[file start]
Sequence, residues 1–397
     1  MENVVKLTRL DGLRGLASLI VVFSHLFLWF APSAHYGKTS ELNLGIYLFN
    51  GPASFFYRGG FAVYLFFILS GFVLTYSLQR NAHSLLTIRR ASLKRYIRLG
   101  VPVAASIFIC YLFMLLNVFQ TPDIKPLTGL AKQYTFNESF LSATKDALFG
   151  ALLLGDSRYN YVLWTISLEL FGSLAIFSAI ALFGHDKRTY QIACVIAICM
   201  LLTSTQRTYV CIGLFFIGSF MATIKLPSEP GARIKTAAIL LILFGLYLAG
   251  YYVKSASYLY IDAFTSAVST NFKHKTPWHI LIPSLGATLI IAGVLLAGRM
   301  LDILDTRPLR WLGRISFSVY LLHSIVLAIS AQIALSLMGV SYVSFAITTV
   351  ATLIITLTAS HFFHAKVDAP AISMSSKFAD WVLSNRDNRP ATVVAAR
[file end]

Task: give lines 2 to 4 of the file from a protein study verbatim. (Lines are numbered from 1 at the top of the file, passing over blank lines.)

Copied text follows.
     1  MENVVKLTRL DGLRGLASLI VVFSHLFLWF APSAHYGKTS ELNLGIYLFN
    51  GPASFFYRGG FAVYLFFILS GFVLTYSLQR NAHSLLTIRR ASLKRYIRLG
   101  VPVAASIFIC YLFMLLNVFQ TPDIKPLTGL AKQYTFNESF LSATKDALFG